You can determine how your family finances can be resolved by using this calculator provided by the same Manning mentioned above.. I recommend that if you have unsecured debt, you play around with the credit card repayment section, seeing the differences that occur if you contributed your coffee fund, you movie allowance, your HBO bill towards paying down your credit card debt. Those little totals often taken for granted, can make years of a difference in pulling yourself out of debt.

We often hear pontificating towards our governments, local, state, and federal, end with the admonishment that since American consumers live within their means…. why can’t the federal government do so as well…

That is not exactly true. We do a lousy job compared to our parents.

They and their parents bought savings bonds… Which brings us back full circle to our best idea of paying down our national debt… What if a percentage of everyone’s pay check went toward buying themselves savings bonds. Unlike a tax, at the end of maturation, they get the entire bond returned to them with nominal interest tacked on.

Kind of like our parents and grandparents implemented for us growing up. A forced savings plan… “Oh but I want to spend it….” “No, we’re putting it in savings”… With this plan, like a tax, the government has access to increased funds, but unlike a tax, it pays us back. This has three things going for it.

One it helps us save. The American saving’s rate was negative last year. That means individuals spent more than they had… Obviously when the time comes to pay it back, it will not be good for the economy.

Two it provides a intermediate source of funding for our government. Instead of cutting taxes, this plan augments taxes… Since the money must be paid back upon maturation, the government needs to get a rate of return higher than what it is paying back..

Three. Using this money to decrease the Federal deficit, is a win win for all. Essentially we are using this program to buy up our own stock. It will be us who have control over our nation’s destiny, and not…. it’s foreign creditors…. Applying the entire amount bought in this fashion, to paying down our National Debt, will give us lower taxes in the future. The legislation initiating this program could earmark all revenue from these mandatory bought savings bonds, go towards decreasing our National Debt.

It will take great leadership to change our behavior. The bully pulpit is needed now more than ever. Since the 1980’s, we have funded our economy by borrowing. Anyone can be given an unlimited credit card and then tell us he is living well. For a long time this nation has placed the acquisition of corporate profits as the prime gauge rating the welfare of our nation. Now, with acknowledgment that it will take 4 years of GDP to pay off all debt, private, corporate, and governmental, we understand our predicament.

Simply put: to survive, we need to acquire more money than we spend and use that extra amount to buy down debt. Once our debt is down, we can use that extra amount to spend again, exploding our economy through the roof of expectations.

defaults and foreclosures created housing slump
Courtesy of Irvine Housing Group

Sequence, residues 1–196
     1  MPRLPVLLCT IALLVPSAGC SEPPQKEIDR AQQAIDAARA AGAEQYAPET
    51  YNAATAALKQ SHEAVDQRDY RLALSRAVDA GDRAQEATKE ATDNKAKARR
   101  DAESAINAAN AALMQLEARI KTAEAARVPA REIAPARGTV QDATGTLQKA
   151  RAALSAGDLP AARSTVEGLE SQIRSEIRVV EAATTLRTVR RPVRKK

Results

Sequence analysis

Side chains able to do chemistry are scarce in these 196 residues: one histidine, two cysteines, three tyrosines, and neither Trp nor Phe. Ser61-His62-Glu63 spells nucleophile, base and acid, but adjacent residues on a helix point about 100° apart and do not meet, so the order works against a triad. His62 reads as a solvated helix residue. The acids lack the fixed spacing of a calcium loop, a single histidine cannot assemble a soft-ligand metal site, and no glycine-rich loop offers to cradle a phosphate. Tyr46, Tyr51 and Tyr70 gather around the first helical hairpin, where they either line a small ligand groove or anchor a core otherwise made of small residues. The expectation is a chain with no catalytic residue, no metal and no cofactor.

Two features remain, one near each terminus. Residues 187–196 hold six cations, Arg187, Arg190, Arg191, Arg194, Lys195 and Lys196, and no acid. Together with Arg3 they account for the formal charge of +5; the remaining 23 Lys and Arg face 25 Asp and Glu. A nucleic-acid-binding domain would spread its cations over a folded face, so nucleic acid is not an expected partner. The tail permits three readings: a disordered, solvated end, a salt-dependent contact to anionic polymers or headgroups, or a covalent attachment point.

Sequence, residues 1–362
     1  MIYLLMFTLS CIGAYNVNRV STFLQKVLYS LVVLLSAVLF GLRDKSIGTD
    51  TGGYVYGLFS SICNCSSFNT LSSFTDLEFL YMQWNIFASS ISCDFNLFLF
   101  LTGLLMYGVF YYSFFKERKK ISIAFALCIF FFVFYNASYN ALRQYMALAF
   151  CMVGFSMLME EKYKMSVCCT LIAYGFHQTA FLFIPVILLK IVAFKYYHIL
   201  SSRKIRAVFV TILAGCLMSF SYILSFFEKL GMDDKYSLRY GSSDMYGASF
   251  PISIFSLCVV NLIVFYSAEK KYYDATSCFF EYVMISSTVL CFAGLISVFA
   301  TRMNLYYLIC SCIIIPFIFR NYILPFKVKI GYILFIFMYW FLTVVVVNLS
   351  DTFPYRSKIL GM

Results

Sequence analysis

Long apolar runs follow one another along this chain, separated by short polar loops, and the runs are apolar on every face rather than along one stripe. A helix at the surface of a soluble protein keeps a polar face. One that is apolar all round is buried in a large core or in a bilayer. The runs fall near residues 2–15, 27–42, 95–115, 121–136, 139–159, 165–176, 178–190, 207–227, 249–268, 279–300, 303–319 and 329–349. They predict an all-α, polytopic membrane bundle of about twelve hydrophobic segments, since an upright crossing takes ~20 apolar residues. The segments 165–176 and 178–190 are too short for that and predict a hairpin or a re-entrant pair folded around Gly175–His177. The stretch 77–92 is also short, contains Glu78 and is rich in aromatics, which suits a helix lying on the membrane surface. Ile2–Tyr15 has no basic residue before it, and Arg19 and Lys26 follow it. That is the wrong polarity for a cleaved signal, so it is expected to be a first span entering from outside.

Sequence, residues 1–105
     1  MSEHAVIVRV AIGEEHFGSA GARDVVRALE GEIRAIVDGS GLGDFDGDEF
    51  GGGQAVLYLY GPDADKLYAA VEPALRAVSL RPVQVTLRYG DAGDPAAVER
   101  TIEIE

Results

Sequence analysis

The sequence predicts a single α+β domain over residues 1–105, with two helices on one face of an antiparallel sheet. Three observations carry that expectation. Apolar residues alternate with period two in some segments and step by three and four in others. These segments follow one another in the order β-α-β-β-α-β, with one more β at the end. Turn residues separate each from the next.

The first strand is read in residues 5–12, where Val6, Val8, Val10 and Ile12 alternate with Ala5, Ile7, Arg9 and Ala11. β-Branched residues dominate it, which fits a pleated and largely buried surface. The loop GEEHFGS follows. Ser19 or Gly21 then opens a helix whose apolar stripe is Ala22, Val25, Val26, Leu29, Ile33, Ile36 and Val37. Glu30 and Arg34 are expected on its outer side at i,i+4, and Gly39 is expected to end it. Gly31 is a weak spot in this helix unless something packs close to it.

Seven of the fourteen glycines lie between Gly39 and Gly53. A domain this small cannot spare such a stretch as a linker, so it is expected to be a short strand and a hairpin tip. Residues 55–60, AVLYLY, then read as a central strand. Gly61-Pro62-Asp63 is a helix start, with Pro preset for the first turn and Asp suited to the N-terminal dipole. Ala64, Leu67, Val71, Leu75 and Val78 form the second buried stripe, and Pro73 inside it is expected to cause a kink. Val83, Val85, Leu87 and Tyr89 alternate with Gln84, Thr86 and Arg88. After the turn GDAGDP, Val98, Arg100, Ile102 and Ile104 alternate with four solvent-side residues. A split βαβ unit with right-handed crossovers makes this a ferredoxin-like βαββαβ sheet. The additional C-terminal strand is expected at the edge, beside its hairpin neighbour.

The housing slump is worse than we thought. Many of the homes now being foreclosed were speculations hoping to be sold in a rising market. What that means is that occupancy rates in apartments and rentals, will not rise concurrently as is usual when mortgage foreclosures rise.

That also means that the housing market slump will have to be resuscitated by fewer people. In other words, who out there is left to buy houses?….During 2005 and 2006 one out of every four houses was bought by a speculator with no intention of living in them.
This new data coupled with the realization last summer that most of the bundled loans are junk, and never will be repayed, has stopped the housing market cold. Any type of industry relying on the housing market, has already shut down and laid off employees.

Ohio and Michigan are in official depressions now, no longer calling it just a recession. Of course the Mid-Atlantic area has not been hit as hard as some. As is often the case, there are regional pockets of economic stagnation scattered across the country: remember Dallas and Houston during the nineties’ oil glut?. But when the new housing market climb begin, now with this new revelation, no one knows. As this new information filters up the pipeline, to expect another tumble in stocks would be realistic.

This year we see what might amount to the perfect storm. For just as the house values bottom out, the ARM rises, utility bills peak, and above all, food climbs to prices not even dreamed of. $3.50 for gas, $5.00 for milk, and 4$ for cheap bread. We will experience inflation like most of you have never seen. And we will be too poor to do anything about it.The standard measurement among economists is that for every dollar of lost equity in ones home, the homeowner lose 7 cents in real income. Based on this number the tax rebates this spring and summer will fall short of what will be needed.

There is one way to save the entire economy. Drop the Fed to 1%, keeping mortgage rates at 3%. Then push for the refinancing of ARM’s across the board. Whether it takes legislation or not, no one should lose a home to an ARM. Forget about signals of panic. We need people refinancing and buying houses by May!

Talking about these matters one gets the same feeling as standing on a Thai beach, watching the sea, following with your eye a tiny black line edging closer and getting bigger. The sooner you act, the less danger you will be.

If your are close to retirement, secure your assets. Worry about losses. Don’t worry about growth.